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Joined: 19 Dec 2007
Posts: 385
Location: Mexico
PostPosted: Mon Dec 10, 2018 1:49 am Reply with quote
Shonen Jump number was probably the first magazine (and maybe only) that had printed a letter I sent, it wasn't the most intellectual thing but it's there. I even got the number zero that preview thing which I didn't get for free but oh well. It was quite odd, some numbers I got with some people that got things over the diamond catalogue in Mexico, some numbers I was able to buy them on the US and some even got to appear in a few select Magazine stands... it was quite thing to watch. I ended dropping quite quick as even if most shonen jump titles have really strong begininings most lose me at the middle.

Shojo Beat... I didn't got all the numbers but I got quite a good colection, I probably only missed a year at most and mostly at the beggining. Unfortunately it dropped titles I loved on it's and added or insisted to complete titles I absolute hated. (My blood still boils at absolute boyfriend and Vampire Knight) I have no idea how many months I would have kept going even if the publication continued.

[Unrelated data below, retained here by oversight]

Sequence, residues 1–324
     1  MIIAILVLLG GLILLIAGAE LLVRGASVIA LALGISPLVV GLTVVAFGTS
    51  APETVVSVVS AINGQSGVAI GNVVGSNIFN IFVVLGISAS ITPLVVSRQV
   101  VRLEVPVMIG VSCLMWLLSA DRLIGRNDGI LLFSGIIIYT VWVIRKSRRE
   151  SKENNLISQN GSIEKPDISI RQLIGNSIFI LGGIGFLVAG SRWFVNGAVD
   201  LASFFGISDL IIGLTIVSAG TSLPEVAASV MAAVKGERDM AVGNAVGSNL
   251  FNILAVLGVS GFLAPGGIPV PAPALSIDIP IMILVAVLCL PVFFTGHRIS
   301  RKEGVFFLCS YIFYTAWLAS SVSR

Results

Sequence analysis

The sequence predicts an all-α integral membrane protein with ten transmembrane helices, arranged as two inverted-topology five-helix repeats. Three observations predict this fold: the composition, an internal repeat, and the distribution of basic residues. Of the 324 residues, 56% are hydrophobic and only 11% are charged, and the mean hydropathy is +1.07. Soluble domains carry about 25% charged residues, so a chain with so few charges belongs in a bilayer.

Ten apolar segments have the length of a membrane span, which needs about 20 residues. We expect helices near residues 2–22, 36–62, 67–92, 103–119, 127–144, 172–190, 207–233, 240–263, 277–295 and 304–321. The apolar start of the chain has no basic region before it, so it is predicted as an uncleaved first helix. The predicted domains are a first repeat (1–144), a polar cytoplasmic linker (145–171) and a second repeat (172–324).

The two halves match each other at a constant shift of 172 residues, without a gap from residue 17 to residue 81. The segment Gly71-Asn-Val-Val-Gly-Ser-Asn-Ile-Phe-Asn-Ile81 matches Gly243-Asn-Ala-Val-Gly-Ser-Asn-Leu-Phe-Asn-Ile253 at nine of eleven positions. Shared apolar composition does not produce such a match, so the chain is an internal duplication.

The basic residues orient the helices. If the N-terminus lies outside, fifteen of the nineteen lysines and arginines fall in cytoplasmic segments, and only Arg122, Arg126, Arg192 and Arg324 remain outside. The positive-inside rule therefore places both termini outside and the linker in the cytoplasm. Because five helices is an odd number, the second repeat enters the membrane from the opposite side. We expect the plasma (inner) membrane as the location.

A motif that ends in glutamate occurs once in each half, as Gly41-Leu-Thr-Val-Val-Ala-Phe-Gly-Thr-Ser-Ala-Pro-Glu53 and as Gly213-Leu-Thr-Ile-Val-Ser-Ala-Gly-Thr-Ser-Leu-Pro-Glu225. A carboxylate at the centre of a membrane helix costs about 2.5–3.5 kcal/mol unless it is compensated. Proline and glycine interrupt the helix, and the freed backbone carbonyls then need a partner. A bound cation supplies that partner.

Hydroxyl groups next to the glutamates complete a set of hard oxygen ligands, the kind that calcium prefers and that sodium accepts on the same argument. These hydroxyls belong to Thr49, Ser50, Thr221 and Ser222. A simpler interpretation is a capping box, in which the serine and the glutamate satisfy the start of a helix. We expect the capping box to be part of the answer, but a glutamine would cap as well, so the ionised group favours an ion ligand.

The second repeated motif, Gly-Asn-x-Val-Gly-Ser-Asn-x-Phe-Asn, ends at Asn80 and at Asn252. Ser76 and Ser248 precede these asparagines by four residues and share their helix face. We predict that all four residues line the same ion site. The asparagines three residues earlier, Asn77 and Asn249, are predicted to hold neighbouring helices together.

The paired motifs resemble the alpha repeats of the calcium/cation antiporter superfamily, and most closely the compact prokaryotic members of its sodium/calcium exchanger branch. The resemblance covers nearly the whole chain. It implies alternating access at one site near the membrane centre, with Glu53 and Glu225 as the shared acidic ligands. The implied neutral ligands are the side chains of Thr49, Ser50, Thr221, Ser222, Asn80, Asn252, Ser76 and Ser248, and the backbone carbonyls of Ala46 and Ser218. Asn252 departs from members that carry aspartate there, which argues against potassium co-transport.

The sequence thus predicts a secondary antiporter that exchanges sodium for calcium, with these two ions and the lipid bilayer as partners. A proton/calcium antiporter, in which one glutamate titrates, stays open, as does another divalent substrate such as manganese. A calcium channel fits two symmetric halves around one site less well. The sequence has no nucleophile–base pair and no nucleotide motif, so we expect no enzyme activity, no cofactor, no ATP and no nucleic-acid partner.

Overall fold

Animerica Extra I loved from beginning to end, I was younger though and it was a little harder to get. I don't think I would buy all the titles on a new edition but on that time it was nice.

And fun fact. Mixx zine seems to have re-sold rights to their publication in Mexico and we got Sailor Moon and Magic Knight Rayearth in a big flip book which I am sure had much nicer design that the US one, romanization was kind of funky there but it seems the magazine did well until it turned out the people who sold the rights which wasn't Kodansha didn't have the right to do that and the magazine folded as the japanese didn't want to renegotiate... or so they say here..
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Joined: 17 Feb 2007
Posts: 26
PostPosted: Tue Dec 11, 2018 12:26 pm Reply with quote